This week’s announcement of a deep pit on the moon being the likely target for colonization sparked excitement with those across all walks of life.
The media has been loaded with information about moon exploration in recent months, with the Apollo mission anniversary sparking a renewed public interest in the moon, and more importantly – NASA’s announcement of a human revisitation in the coming years.
This is so incredibly exciting, especially given that NASA anticipates a semi-permanent colony on the moon by 2024 – that’s only fourteen years away. What that means for the ocean sciences is considerably more attention paid to sea-space analogs, likely in the area of undersea habitation and the life systems required for human survival in harsh and isolated environments. Good news for those of us in this niche field.
The 200 plus foot deep lava tube recently discovered shows promise as a future colonization location. This makes great sense, and highlights the seeking out of a fundamental human need, in a most fundamental way.
Here on Planet Earth, dry caves were the first obvious naturally occurring shelter used by hominids, with evidence dating back to the Paleolithic period (2 million to 10,000 years ago). Caves provide four natural walls and a roof. Add a breathable atmosphere and a means to regulate temperature, and you are in business with minimal infrastructure. With a ‘roof over our heads’ so to speak, the added stress of the environment could be put at ease, and focus could then be placed on harvesting/storing food, making tools, and communications. At a most basic level – once the basics of food and water are covered, comfort is the next priority for human survival.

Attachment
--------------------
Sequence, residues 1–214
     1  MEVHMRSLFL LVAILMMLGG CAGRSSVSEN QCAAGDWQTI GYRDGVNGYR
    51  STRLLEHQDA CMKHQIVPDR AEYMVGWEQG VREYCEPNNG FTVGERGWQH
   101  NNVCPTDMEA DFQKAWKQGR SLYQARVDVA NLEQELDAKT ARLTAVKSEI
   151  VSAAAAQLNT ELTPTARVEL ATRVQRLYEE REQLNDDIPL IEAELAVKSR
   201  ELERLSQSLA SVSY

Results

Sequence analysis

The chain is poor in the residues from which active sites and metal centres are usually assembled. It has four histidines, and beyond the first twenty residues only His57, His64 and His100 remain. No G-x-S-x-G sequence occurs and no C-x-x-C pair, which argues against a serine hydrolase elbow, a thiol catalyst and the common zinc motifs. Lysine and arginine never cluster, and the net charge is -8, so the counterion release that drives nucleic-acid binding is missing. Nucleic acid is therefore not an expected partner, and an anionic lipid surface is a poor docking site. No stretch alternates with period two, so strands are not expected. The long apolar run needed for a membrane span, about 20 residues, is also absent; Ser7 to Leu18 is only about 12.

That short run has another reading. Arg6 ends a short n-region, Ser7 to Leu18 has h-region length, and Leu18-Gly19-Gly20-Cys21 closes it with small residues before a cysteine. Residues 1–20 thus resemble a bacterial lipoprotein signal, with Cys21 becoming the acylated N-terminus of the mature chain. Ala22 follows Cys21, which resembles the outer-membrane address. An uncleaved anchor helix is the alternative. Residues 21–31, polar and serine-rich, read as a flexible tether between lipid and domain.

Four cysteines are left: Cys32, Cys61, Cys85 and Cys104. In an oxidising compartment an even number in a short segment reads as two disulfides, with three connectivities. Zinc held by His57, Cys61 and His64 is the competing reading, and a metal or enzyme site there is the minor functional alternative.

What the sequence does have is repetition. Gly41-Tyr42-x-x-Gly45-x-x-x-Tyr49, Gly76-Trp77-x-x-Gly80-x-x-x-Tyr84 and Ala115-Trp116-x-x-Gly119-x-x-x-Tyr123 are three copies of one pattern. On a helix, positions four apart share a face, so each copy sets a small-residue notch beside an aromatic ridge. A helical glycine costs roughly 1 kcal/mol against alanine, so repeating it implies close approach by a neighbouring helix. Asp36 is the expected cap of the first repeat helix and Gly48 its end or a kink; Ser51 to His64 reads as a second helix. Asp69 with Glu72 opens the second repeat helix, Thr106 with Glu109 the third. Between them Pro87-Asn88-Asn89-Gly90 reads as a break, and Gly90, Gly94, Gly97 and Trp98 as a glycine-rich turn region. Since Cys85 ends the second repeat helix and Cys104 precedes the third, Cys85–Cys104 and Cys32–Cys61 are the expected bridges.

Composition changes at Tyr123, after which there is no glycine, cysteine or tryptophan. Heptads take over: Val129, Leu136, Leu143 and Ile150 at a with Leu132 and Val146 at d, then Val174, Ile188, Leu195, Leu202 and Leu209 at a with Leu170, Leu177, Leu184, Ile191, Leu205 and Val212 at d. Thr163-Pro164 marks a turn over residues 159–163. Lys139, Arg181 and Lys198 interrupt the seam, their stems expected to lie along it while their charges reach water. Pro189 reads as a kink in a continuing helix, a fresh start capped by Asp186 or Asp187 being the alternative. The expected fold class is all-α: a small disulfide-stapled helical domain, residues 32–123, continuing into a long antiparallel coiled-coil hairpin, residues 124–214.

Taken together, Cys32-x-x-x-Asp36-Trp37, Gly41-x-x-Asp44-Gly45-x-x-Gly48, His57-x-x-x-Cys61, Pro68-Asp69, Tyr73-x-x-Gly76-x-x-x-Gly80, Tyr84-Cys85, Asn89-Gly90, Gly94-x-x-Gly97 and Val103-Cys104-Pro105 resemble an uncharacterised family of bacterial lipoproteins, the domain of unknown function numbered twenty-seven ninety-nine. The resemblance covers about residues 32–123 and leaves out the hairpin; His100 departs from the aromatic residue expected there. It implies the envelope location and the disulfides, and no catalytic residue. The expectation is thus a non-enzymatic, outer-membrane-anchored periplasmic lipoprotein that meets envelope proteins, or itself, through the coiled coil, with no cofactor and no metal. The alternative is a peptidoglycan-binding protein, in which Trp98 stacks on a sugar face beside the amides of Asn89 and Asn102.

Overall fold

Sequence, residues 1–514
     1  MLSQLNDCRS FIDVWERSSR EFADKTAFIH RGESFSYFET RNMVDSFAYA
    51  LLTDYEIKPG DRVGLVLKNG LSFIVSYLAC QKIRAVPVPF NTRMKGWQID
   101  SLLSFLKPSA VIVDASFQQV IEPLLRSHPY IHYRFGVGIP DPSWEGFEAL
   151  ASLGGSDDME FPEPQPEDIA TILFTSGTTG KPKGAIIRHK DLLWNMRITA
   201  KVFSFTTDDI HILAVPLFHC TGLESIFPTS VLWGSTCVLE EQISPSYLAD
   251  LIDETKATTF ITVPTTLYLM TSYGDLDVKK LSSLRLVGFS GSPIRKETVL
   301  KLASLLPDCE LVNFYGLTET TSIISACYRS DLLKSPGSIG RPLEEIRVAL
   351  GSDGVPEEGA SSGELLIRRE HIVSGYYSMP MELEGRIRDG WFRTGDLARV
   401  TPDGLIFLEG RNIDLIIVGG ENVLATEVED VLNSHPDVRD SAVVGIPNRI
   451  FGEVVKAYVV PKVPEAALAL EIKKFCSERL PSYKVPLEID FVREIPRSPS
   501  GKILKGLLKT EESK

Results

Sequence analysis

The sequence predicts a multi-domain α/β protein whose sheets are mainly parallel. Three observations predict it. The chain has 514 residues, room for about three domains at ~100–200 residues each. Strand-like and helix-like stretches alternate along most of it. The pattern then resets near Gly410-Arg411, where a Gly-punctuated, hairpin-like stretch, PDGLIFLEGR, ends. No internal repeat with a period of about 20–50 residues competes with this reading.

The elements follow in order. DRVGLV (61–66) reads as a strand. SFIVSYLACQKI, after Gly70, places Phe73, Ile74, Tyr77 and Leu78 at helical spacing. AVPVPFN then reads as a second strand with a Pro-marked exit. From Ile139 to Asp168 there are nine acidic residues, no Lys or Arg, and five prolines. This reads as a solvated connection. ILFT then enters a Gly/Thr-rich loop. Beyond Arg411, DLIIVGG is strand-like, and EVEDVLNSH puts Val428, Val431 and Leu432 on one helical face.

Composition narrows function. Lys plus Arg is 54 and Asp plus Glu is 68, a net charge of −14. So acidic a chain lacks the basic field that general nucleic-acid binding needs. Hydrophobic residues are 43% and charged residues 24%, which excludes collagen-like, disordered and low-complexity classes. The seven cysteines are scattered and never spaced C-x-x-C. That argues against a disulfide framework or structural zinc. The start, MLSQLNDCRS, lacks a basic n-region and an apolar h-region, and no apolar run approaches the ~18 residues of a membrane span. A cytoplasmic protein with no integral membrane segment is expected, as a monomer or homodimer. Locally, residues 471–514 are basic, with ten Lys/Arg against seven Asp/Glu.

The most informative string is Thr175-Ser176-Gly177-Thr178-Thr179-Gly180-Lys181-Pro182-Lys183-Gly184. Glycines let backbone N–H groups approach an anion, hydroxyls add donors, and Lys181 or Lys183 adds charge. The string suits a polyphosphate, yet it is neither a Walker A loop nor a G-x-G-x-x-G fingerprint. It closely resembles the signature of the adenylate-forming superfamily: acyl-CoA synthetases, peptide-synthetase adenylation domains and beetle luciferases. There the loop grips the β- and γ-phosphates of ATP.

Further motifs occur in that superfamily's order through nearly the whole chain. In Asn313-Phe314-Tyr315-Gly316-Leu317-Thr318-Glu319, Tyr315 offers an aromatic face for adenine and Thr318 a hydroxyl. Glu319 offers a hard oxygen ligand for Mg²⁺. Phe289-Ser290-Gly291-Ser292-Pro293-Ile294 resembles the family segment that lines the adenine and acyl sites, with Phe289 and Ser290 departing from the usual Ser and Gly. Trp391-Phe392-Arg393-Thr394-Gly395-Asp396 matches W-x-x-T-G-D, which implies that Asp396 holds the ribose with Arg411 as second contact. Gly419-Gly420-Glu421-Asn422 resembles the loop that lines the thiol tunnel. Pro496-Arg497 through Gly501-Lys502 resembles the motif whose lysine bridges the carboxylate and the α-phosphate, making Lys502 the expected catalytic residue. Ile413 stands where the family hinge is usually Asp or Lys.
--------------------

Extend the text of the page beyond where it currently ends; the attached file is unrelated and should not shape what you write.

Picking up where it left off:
Mr. Maslow, meet the moon.
Meeting basic human needs is a must when entering any extreme environment. When designing critical life systems, striving to engineer systems to compliment human tendencies and behaviors is of utmost importance. The transition for the first lunar settler will probably be just as demanding as the first ‘cave man’. But, ingenuity will, in time, drive the course of technological evolution such that not only ‘rocket scientists’ can cut it up there.
What will it be like? Well, take a dip, and visit the alien world that we have right here in our backyard. That’s where NASA is sure to be looking as they gear up for 2024.
For more info about the moon, check out this video from National Geographic: